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Posted: Jun 07, 2016

Nanogenerator powers implantable heart monitor

(Nanowerk News) Implantable electronic devices/systems are crucial medical technologies for monitoring, measuring, and soliciting physiological responses in vivo.
Over the past decade, the increased in vivo stability, miniaturization, and lower energy requirement of electronics have hugely promoted the applications of physiological signal sensors, intelligent gastric and cardiac pacemakers, cochlear implants, and deep brain stimulators; millions of people rely on such implantable medical devices for improved quality of life.
However, one of the key challenges for in vivo devices is the battery-based power supply, which has limited energy density, short lifetime, chemical side effects, and a large volume. A surgery is unavoidable for replacing the power source, which may cause suffering, risk, and high cost.
Researchers from the U.S. and China have now demonstrated an implantable triboelectric nanogenerator (iTENG) for in vivo biomechanical energy harvesting, which has a multilayered structure and exhibits outstanding in vivo performance and stability.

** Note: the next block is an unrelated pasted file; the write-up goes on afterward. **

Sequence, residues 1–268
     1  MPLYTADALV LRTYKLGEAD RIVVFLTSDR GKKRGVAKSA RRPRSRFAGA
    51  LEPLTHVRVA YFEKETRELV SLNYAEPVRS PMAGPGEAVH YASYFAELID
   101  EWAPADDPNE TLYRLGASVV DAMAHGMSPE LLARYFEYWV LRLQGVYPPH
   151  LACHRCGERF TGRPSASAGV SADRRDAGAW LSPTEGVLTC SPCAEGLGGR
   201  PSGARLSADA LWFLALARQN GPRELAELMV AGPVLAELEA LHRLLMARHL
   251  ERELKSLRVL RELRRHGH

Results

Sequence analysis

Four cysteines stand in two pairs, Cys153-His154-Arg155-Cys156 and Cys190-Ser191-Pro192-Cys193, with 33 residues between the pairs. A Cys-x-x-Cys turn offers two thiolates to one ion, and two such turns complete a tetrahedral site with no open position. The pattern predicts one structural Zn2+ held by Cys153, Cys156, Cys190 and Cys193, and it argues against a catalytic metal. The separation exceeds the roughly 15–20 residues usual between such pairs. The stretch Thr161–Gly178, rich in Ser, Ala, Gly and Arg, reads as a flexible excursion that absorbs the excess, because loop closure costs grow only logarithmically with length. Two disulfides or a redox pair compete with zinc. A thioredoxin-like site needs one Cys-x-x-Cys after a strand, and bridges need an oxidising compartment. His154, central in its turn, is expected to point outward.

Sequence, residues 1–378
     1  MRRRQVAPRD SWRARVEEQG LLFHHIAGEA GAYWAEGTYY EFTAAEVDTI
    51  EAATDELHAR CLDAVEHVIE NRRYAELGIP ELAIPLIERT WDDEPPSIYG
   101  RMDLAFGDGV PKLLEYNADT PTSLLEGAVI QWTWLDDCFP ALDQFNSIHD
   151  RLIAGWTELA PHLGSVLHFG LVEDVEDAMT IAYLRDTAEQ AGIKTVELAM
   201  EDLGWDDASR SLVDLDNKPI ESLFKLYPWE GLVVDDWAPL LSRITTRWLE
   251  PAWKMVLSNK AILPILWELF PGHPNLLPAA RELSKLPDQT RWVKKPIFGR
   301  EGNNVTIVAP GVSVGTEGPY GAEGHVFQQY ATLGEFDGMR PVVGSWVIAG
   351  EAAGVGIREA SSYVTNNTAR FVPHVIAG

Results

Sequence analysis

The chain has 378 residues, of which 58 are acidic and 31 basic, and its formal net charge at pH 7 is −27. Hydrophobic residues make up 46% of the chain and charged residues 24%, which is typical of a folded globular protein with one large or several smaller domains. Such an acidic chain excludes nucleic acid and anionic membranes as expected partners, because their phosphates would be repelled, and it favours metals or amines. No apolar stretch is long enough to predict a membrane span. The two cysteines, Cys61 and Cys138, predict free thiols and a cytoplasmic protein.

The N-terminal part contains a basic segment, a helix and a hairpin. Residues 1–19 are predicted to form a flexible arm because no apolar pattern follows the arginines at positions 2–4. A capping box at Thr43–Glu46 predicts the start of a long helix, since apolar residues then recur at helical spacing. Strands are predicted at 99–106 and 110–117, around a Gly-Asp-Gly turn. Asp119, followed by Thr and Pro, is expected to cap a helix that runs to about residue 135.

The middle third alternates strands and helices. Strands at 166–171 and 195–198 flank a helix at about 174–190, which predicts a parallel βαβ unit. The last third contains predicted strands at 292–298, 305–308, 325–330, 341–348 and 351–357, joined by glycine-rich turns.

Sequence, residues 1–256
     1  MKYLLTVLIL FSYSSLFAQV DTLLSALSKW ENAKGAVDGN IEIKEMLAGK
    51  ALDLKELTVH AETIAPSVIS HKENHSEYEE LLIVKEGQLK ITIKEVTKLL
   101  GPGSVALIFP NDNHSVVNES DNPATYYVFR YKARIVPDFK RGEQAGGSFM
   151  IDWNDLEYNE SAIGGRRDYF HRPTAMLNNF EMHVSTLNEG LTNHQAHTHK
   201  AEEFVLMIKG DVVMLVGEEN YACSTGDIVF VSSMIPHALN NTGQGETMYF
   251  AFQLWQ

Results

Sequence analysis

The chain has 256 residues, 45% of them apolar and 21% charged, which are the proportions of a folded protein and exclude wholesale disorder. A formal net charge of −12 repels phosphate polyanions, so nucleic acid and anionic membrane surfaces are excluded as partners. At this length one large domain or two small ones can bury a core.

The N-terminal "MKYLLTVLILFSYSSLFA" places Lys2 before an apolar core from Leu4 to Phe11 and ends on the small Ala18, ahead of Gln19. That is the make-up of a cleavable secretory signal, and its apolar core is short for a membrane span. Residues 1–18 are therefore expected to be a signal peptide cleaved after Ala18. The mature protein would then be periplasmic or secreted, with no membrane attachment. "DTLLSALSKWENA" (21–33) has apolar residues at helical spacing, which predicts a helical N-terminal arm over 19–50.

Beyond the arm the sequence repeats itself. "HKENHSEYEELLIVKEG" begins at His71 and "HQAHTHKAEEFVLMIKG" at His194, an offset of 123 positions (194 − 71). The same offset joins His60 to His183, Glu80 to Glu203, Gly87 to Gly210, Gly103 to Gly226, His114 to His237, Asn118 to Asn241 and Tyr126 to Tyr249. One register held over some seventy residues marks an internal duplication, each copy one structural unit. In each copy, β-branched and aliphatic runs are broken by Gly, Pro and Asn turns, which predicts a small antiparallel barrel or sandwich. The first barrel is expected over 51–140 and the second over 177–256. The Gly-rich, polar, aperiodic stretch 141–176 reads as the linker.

Implantable Triboelectric Nanogenerator
A self-powered wireless transmission system was fabricated for real-time wireless cardiac monitoring. Given its outstanding in vivo output and stability, iTENG can be applied not only to power implantable medical devices but also possibly to fabricate a self-powered, wireless healthcare monitoring system. (© ACS)
Driven by the heartbeat of an adult Yorkshire porcine, the open-circuit voltage can reach up to 14 V, and the corresponding short-circuit current can be as high as 5 µA.
The team has reported their findings in the June 2, 2016 online edition of ACS Nano ("In Vivo Self-Powered Wireless Cardiac Monitoring via Implantable Triboelectric Nanogenerator").
Due to its excellent in vivo performance, a self-powered wireless transmission system was fabricated and the electrical signal associated with the in vivo heartbeat was successfully transmitted, showing its feasibility for real-time remote cardiac monitoring.
This work demonstrates significant progress for iTENG as a power source for implantable medical devices and its great potential for fabricating a self-powered, wireless healthcare monitoring system.
Source: American Chemical Society
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